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May Is Mental Health Month

The North Syracuse Central School District celebrating National Mental Health Awareness Month! The pandemic has taught us many things - chief among them is that our mental well being really matters. We are proud to observe the importance of mental health as well as to acknowledge the tremendous work in mental health done by the district mental health staff as well as our community mental health providers. The NSCSD is providing calendars of activities for families to use to make meaningful connections with their children. Click here to download the calendar for K-6 students or click here to download the calendar for grade 7-12 students

Why is there a mental health month?

The commemoration of May as mental health month started in 1949 to encourage the understanding of the importance of mental health and to support the healing of those who struggle with mental health concerns.

The needs are real! 

According to the National Behavioral Health Foundation:
  • 1 in 5 adults in America experience a mental illness.
  • Nearly 1 in 25 (10 million) adults in America live with a serious mental illness.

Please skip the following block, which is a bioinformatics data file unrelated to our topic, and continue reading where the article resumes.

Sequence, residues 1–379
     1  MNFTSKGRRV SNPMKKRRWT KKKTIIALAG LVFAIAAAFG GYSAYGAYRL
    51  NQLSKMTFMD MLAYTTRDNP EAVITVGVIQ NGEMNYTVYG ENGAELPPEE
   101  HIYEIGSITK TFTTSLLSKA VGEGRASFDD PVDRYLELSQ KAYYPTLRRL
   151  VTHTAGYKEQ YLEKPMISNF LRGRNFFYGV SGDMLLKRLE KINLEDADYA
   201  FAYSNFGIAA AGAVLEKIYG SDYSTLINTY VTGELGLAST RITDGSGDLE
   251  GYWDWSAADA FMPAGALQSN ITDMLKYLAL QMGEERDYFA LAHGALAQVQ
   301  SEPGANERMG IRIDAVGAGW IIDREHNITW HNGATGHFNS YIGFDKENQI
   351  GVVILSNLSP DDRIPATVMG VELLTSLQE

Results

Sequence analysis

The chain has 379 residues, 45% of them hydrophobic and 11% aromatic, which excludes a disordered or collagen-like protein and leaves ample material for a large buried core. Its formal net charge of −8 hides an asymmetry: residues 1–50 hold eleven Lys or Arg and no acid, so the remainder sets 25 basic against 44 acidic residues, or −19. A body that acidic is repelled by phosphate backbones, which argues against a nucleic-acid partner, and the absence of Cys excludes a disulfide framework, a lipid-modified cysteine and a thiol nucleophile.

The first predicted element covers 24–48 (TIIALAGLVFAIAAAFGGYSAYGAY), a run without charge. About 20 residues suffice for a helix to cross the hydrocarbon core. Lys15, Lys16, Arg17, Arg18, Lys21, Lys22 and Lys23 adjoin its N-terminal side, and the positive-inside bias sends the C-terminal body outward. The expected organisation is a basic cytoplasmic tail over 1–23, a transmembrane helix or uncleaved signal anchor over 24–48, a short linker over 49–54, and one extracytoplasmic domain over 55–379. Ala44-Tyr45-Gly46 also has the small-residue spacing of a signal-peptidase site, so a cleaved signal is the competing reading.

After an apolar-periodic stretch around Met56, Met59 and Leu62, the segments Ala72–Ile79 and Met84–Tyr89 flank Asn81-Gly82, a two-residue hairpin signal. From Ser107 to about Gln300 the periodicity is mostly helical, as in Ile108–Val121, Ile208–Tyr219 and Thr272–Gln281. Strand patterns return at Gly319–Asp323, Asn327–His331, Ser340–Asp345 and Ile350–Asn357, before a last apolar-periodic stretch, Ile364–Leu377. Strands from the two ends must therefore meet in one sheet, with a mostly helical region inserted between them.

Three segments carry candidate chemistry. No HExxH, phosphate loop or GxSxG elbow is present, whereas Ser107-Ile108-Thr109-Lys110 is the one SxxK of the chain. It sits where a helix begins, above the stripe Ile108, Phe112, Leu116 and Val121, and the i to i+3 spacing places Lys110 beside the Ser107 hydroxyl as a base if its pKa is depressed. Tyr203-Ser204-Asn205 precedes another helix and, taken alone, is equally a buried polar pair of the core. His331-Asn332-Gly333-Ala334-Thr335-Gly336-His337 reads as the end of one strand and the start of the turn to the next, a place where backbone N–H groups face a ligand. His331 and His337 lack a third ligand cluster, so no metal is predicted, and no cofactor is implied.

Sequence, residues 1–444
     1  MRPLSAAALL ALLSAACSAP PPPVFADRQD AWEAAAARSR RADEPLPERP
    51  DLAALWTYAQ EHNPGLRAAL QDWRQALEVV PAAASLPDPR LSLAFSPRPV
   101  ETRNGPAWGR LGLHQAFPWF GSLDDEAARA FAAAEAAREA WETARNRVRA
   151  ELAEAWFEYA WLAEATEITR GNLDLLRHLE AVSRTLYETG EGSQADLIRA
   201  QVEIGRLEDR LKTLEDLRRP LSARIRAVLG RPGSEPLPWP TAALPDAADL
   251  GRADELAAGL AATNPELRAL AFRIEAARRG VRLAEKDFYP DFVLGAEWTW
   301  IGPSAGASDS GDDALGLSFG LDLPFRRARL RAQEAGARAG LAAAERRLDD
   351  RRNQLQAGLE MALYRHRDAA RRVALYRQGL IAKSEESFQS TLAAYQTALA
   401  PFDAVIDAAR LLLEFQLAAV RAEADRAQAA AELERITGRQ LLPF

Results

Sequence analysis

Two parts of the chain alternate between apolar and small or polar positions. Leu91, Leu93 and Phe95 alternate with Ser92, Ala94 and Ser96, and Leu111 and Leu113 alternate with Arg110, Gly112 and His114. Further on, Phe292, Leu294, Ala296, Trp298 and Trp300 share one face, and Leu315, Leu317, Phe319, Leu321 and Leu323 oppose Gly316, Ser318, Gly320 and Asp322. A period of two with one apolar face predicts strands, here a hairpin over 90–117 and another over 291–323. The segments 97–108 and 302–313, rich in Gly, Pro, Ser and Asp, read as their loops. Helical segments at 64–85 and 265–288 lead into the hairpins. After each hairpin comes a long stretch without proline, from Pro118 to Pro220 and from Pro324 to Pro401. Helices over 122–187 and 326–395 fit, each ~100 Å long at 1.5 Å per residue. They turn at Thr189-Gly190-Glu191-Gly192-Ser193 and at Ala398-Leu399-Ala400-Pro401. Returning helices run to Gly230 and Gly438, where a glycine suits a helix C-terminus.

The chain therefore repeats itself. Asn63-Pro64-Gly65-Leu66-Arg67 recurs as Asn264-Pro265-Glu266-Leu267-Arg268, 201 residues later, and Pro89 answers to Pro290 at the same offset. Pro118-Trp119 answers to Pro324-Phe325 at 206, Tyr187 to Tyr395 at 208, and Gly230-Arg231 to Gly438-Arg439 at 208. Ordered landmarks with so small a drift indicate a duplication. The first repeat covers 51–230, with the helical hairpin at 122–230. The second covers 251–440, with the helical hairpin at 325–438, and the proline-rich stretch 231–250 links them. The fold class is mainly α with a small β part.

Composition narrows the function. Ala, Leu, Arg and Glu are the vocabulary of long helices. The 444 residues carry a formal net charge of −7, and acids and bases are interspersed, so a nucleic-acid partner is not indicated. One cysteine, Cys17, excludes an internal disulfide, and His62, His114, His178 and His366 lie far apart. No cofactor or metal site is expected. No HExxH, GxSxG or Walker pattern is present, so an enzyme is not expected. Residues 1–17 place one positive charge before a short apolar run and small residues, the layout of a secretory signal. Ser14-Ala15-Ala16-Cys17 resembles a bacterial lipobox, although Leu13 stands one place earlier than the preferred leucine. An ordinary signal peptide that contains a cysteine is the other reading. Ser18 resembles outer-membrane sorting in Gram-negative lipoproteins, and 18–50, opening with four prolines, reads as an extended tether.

• One-half of all chronic mental illness begins by the age of 14; three-quarters by the age of 24.
  • Approximately 10.2 million adults have co-occurring mental health and addiction disorders.

From the World Health Organization:
  • One in six people are aged 10-19 years.
  • Mental health conditions account for 16% of the global burden of disease and injury in people aged 10-19 years.
  • Half of all mental health conditions start by 14 years of age but most cases are undetected and untreated(1).
  • Globally, depression is one of the leading causes of illness and disability among adolescents.
  • Suicide is the third leading cause of death in 15-19-year-olds.
  • The consequences of not addressing adolescent mental health conditions extend to adulthood, impairing both physical and mental health and limiting opportunities to lead fulfilling lives as adults.

What we can do:
  • Raise awareness about the importance of mental health
  • Reduce the stigma associated with mental health
  • Educate others about mental health
  • Advocate for policies that support those with mental illness and their families
  • Let people know you are willing to talk about mental health (Click here for a great article from AFSP)
  • Have a real convo about mental health (Click here for a YouTube video)

The CDC has great resources about youth and mental health. Click here to find out more